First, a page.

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Iqbal - A Selection of his Urdu and Persian Verse

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Item Code: NAQ380
Author: David J. Matthews
Publisher: Oxford University Press, New Delhi
Language: English
Edition: 2017
ISBN: 9780199404032
Pages: 202
Other Details 9.00 X 5.00 inch
Weight 400 gm
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About the Author

Dr. David J. Matthews is a Fellow of the Royal Asiatic Society of Great Britain, a Trustee of the Iqbal Academy, UK and a Member of the promotions committee of Oslo Unversity. His Translations from Urdu into English include works by Rusva, Anis, Hali, Iqbal, Ibn-e Insha,Shaukat Siddiqi, and the contemporary Indian poet, Javed Akhtar, He was awarded the Sitara-i-Imtiaz in 2009 by the Government of Pakistan.


Dr David Matthews has spent a lifetime in the service of Urdu language and literature. In 1993, for example, he published Iqbal: A Selection of the Urdu. Verde, Text and Translation very useful, rather quaint volume that I cherished greatly, particularly because it provided me with a teaching tool for my students at Brown University in the USA. Now that the Urdu language competence of my young audience in Pakistan is hardly any better than that of my American students-given the steady cultural losses of the past two decades-I once again benefit from the effort of this veteran scholar of Urdu studies. Indeed, this is precisely one of the distinguishing features of Dr Matthews' work generally: he makes his subject matter accessible to the ordinary reader, and he does so by means of his flowing translations that are generously supported by annotations, glossaries, and lucid explanatory notes.

Not only does the present work have many of the same features, it is, in fact, richer in many ways, and then at the same time it offers a significant literary variation. To begin with, this new volume translates several Urdu poems that were not included in the earlier work; and more, it also selects for translation and other treatments many Persian poems of Iqbal that remained beyond the scope of the 1993 work. Then while most Urdu poems that we find here constitute a fresh selection, even a few of those that were present in the older volume are now translated de novo.

But perhaps the most important distinguishing attribute of this new work is that it has a creative, poetic character. Unlike his practice erstwhile, Dr Matthews has not rendered the verses literally. Rather, this time, he has introduced a creative potentiality to his English renderings. Thus he gives us not a bland text but a translation that has rhyming schemes, a translation that charms us and delights us. He has accomplished this task in many ways. The ghazaL and gasida, for example, are monorhyme poems, which almost always observe the scheme aa/-a/-al. .. That is, both of the two half-verses (called misra) of the opening verse (each two-line verse called shi’s) rhyme, while in all the subsequent verses the first misra' remains blank and the second one ends with the same rhyme, and this continues throughout the poem.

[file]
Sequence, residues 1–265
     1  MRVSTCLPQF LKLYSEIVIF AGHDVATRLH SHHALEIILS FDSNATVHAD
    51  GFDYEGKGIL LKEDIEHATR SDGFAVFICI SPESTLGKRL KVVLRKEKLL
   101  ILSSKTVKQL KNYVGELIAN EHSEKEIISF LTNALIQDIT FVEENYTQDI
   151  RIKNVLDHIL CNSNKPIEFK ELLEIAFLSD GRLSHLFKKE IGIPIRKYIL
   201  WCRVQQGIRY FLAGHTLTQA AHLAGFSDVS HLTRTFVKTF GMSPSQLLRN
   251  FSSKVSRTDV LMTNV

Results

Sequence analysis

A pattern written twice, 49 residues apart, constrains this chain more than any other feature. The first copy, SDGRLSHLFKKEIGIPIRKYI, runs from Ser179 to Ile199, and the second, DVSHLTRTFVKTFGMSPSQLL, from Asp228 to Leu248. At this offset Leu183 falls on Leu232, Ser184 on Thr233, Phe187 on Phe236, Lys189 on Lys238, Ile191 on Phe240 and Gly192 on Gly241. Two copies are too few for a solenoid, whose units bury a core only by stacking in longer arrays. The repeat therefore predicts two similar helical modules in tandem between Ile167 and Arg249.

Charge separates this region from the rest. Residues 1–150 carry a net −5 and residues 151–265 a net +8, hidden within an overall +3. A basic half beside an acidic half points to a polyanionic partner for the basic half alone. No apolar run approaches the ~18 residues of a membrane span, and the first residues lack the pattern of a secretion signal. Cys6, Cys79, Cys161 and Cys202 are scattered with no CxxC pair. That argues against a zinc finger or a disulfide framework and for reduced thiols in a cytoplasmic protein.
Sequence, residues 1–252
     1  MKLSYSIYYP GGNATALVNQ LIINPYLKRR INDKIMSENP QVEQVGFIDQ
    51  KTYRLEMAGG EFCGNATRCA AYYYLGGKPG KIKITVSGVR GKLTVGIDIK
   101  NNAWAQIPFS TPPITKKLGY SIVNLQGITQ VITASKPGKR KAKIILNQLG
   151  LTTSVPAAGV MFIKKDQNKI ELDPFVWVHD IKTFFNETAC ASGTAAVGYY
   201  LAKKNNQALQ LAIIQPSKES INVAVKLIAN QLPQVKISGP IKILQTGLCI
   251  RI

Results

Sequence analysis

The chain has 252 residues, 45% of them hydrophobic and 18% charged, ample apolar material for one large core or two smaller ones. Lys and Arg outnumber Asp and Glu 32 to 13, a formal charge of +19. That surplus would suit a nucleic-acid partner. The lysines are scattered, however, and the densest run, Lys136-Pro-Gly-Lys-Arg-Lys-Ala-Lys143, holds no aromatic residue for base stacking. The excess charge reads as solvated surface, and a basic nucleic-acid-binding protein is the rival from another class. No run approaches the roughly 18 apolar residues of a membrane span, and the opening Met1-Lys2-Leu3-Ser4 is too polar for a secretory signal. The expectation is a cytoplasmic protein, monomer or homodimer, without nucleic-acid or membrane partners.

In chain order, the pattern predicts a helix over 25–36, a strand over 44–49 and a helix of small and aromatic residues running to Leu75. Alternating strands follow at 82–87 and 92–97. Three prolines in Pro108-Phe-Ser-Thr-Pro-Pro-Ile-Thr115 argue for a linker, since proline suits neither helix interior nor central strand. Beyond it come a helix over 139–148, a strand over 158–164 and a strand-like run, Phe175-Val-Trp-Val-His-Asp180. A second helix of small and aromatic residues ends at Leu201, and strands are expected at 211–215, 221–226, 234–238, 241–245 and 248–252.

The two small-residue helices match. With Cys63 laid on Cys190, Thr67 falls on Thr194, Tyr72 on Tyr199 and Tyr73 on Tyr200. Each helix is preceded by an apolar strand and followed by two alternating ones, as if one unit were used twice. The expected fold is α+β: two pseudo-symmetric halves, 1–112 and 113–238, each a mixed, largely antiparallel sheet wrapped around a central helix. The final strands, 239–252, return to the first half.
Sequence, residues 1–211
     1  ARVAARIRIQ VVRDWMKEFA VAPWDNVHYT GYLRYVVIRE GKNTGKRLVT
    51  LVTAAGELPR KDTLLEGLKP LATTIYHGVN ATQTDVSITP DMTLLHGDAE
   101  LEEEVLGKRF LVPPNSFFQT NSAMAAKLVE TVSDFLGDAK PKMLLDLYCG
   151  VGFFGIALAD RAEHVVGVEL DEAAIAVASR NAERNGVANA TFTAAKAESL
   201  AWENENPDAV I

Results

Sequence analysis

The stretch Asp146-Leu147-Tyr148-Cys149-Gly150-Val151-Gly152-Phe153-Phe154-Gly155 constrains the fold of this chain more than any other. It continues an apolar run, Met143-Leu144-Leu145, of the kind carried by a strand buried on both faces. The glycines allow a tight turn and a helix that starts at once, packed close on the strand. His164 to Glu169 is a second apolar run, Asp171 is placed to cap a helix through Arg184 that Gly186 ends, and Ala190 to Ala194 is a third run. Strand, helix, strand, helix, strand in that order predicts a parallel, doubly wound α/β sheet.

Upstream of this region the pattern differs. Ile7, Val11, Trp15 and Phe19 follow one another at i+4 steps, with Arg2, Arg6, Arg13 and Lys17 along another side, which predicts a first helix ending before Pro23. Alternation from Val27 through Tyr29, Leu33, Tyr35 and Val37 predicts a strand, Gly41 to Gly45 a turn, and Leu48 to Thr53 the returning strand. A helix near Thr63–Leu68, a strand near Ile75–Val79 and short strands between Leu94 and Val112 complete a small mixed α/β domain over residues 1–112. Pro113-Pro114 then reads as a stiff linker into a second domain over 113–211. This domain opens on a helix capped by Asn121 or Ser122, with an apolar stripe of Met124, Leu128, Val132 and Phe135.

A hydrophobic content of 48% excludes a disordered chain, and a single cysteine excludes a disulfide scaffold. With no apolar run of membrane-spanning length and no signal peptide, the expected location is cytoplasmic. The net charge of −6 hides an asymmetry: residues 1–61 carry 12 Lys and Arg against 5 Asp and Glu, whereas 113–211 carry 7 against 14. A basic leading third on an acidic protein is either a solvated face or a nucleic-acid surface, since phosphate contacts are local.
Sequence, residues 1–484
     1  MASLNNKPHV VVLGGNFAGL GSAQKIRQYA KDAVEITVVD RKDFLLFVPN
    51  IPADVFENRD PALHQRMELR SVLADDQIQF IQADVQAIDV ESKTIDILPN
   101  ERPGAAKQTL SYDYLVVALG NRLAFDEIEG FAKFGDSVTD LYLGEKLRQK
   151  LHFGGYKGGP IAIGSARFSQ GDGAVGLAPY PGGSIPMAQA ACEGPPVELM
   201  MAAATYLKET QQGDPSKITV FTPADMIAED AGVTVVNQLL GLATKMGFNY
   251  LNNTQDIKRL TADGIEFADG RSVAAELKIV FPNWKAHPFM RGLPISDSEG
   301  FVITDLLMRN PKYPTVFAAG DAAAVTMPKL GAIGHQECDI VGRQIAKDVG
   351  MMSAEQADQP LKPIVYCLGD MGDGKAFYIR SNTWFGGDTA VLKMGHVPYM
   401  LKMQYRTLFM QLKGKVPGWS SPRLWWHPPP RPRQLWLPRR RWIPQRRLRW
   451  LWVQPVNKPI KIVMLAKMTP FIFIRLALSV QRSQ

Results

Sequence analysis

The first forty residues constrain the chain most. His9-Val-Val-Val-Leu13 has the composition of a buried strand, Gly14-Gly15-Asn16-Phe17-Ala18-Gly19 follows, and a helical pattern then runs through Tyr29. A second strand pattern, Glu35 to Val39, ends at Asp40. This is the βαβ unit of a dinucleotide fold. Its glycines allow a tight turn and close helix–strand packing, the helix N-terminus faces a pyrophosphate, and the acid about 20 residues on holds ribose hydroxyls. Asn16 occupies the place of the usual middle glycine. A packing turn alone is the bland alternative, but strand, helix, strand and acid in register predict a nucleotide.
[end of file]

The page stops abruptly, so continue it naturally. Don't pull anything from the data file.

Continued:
What Dr Matthews has done in several cases is to introduce a new rhyme for each shi’s, so he has aa/bb/cc ... , giving the poem a mathnavi rhyming scheme (like that of Rumi's mathnavi) whereas the original follows a ghazal/gasida scheme. But in many other cases, he has split the two misra' of shi'r into four lines. Here he observes a rhyming scheme in which the first lines of his quarter-verse remain blank and the second lines rhyme, and-unlike the original-every four-line unit that renders a single shi’r has a different rhyme. Thus Dr Matthews' scheme in a ghazal for example is -a + -al-6 + -b-c + -c+ .. His ghazal then is not a monorhyme poem. But in one case, he has done something quite novel: in his rendering of a ghazal (p. 154), he has fully replicated throughout the poem the original same-word rhyme (radif), here a phrase, in fact. The phrase is 'You or I' that occurs at the end of every .:shi’r whose two misra' have been split into four lines. And yet he does not replicate the multi-word rhyme (qafiya)-in the original, 'qafiya, jahan, azan…

All of this is fascinatingly adventurous, but also daring and perilous. Straying away from the original is a step that must be taken if one aims at a creative and poetic rendering, a price that has to be paid for aiming to transmit in a different natural tongue, the rhythms and lyricism and balance of the original- in one word, in aiming to transmit its poetry that is. The fact that Dr Matthews' rhyming scheme and verse-structure generally do not remain true to the original is a perfectly legitimate departure he makes as a translator. Yes, this certainly has its perils in that those of us who are too pedantic might feel that we have a case here of a literary transgression, especially since the work could not avoid being invasive. But in this noise, I shall speak from the side of Dr Matthews; he has his own methodology. The ultimate test, I feel, is not merely that of fidelity; it must also be poetic in nature: did his translation work as an aesthetic transfer of the verse of our grand poet Iqbal? The answer would certainly come in the affirmative. Andyet, perhaps a bit troublesome are substantive questions.

**Contents and Sample Pages**

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